Review website goals
Business goals change, and as they do, so should your online marketing goals and strategy. If you haven’t written down your goals, now would be a great time to do so. Set goals for where you want to be next quarter, and create an action plan to get there.
Optimize website speed
Its important to track how quickly your site loads for your visitors. There are many tools available to give you an idea of how fast or slow your site is, and how to begin fixing the problems.
Review your web host
Unless you’ve had trouble with your host over the past year, you probably haven’t looked at their competitors. It’s easy to take the path of least resistance and stick with your host, but there can be many reasons why this is a poor choice.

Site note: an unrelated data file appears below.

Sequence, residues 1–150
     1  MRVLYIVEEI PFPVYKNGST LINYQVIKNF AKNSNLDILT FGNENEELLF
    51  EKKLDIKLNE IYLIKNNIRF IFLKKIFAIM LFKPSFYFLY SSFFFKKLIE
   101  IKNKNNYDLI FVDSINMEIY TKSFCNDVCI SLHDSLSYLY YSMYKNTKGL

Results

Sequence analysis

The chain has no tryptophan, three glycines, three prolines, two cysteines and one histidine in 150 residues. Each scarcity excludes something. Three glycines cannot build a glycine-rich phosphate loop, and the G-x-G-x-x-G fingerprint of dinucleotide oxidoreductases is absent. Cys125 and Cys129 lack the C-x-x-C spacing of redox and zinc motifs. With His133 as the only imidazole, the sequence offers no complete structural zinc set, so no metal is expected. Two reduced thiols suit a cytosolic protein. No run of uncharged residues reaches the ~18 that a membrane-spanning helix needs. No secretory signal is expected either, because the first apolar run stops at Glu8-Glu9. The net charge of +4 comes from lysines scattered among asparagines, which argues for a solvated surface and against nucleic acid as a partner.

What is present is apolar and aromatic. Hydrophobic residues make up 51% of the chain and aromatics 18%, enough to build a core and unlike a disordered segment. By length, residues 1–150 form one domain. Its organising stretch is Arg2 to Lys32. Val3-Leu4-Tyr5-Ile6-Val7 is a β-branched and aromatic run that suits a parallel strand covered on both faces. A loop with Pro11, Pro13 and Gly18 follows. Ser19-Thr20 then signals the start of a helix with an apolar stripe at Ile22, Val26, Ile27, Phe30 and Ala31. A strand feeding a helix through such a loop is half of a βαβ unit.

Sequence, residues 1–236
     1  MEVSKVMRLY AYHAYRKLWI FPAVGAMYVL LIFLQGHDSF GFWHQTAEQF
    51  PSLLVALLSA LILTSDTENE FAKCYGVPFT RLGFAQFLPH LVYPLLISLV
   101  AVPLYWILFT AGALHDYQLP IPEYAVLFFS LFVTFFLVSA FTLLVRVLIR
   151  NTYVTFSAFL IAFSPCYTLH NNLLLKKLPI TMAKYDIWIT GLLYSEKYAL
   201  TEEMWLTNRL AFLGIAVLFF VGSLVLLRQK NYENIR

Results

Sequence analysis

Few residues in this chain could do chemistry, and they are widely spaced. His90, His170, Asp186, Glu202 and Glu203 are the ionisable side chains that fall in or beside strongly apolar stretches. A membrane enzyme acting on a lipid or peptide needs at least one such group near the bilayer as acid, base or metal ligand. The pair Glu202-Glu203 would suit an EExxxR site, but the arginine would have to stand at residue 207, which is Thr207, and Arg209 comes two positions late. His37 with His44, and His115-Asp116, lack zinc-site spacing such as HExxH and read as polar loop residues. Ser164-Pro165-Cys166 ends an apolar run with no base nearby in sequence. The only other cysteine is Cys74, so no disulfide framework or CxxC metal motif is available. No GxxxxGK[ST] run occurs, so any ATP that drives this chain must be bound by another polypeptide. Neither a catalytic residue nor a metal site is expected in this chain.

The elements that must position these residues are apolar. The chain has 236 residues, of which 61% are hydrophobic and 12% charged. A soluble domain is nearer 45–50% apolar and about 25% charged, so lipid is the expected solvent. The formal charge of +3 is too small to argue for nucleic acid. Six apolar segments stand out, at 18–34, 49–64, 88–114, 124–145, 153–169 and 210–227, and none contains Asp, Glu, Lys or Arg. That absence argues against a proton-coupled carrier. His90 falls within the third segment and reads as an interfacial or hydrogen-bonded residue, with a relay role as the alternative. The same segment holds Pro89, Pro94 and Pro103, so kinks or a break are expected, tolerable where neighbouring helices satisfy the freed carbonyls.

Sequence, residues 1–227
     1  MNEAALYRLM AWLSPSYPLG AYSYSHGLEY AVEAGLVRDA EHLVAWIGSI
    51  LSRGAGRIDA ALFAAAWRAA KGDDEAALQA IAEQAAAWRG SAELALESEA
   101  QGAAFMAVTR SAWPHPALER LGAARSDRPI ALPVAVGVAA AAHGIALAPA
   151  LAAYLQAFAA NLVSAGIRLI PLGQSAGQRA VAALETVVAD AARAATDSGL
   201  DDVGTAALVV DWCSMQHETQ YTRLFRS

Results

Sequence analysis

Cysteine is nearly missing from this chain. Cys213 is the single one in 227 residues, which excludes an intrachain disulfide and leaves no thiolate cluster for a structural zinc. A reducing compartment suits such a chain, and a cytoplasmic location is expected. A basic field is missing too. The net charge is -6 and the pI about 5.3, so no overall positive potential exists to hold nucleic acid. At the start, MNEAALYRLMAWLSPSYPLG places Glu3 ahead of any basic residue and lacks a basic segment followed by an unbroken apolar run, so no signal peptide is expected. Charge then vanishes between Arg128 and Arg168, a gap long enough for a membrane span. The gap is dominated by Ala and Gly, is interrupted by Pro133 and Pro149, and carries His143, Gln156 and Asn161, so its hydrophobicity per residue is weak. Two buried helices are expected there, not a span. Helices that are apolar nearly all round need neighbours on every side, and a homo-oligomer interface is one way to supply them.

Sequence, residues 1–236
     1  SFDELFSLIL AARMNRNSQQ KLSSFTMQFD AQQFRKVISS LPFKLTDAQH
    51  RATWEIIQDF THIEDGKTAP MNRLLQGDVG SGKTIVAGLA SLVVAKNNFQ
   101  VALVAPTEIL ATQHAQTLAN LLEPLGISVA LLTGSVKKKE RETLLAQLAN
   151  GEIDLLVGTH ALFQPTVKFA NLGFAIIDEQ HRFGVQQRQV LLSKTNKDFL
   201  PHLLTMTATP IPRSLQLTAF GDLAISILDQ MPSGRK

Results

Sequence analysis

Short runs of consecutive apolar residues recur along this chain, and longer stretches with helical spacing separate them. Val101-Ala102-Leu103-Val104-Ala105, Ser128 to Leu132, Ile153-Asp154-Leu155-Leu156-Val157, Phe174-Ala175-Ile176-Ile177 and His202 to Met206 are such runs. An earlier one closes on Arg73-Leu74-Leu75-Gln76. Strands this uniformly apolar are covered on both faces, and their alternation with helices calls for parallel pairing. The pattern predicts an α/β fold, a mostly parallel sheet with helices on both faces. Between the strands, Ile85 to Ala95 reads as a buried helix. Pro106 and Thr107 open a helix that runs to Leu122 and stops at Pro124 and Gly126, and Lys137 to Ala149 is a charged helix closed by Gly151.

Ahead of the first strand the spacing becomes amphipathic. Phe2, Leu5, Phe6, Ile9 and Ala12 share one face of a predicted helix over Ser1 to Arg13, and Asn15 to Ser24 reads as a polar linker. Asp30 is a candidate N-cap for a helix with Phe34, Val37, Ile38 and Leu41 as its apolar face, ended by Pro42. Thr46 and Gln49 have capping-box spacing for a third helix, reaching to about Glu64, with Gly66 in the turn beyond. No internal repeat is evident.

Hosting companies often have trouble transitioning from lean organization to giant web behemoth. If your site has been online for a while, the physical machines hosting it might be old, or be hosting thousands of other sites as well. If you are on a shared hosting platform, this is most likely true.
Setup speed tracking and uptime tracking with a service such as Pingdom so you know exactly how your web host is performing.
Make sure you have a routine in place, and repeating calendar reminders for each task. For tasks only done monthly or less, it’s often helpful to keep instructions in the calendar post so you know exactly how to perform the task each time. This also saves time trying to reconstruct the process.